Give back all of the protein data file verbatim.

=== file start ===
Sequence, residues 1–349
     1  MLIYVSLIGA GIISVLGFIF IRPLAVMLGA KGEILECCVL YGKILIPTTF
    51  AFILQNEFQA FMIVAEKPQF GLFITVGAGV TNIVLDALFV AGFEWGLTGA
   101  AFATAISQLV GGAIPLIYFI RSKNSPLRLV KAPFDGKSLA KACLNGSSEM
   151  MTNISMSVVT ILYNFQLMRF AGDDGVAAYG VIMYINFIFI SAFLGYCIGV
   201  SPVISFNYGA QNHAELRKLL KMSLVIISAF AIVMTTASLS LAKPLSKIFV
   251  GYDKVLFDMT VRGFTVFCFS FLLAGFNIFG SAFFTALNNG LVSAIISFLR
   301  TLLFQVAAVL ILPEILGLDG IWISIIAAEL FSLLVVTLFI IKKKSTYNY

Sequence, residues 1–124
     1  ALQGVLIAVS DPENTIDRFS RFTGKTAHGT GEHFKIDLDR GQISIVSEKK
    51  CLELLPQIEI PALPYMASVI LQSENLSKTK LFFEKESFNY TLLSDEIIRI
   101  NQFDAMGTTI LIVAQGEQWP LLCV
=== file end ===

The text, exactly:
Sequence, residues 1–349
     1  MLIYVSLIGA GIISVLGFIF IRPLAVMLGA KGEILECCVL YGKILIPTTF
    51  AFILQNEFQA FMIVAEKPQF GLFITVGAGV TNIVLDALFV AGFEWGLTGA
   101  AFATAISQLV GGAIPLIYFI RSKNSPLRLV KAPFDGKSLA KACLNGSSEM
   151  MTNISMSVVT ILYNFQLMRF AGDDGVAAYG VIMYINFIFI SAFLGYCIGV
   201  SPVISFNYGA QNHAELRKLL KMSLVIISAF AIVMTTASLS LAKPLSKIFV
   251  GYDKVLFDMT VRGFTVFCFS FLLAGFNIFG SAFFTALNNG LVSAIISFLR
   301  TLLFQVAAVL ILPEILGLDG IWISIIAAEL FSLLVVTLFI IKKKSTYNY

Sequence, residues 1–124
     1  ALQGVLIAVS DPENTIDRFS RFTGKTAHGT GEHFKIDLDR GQISIVSEKK
    51  CLELLPQIEI PALPYMASVI LQSENLSKTK LFFEKESFNY TLLSDEIIRI
   101  NQFDAMGTTI LIVAQGEQWP LLCV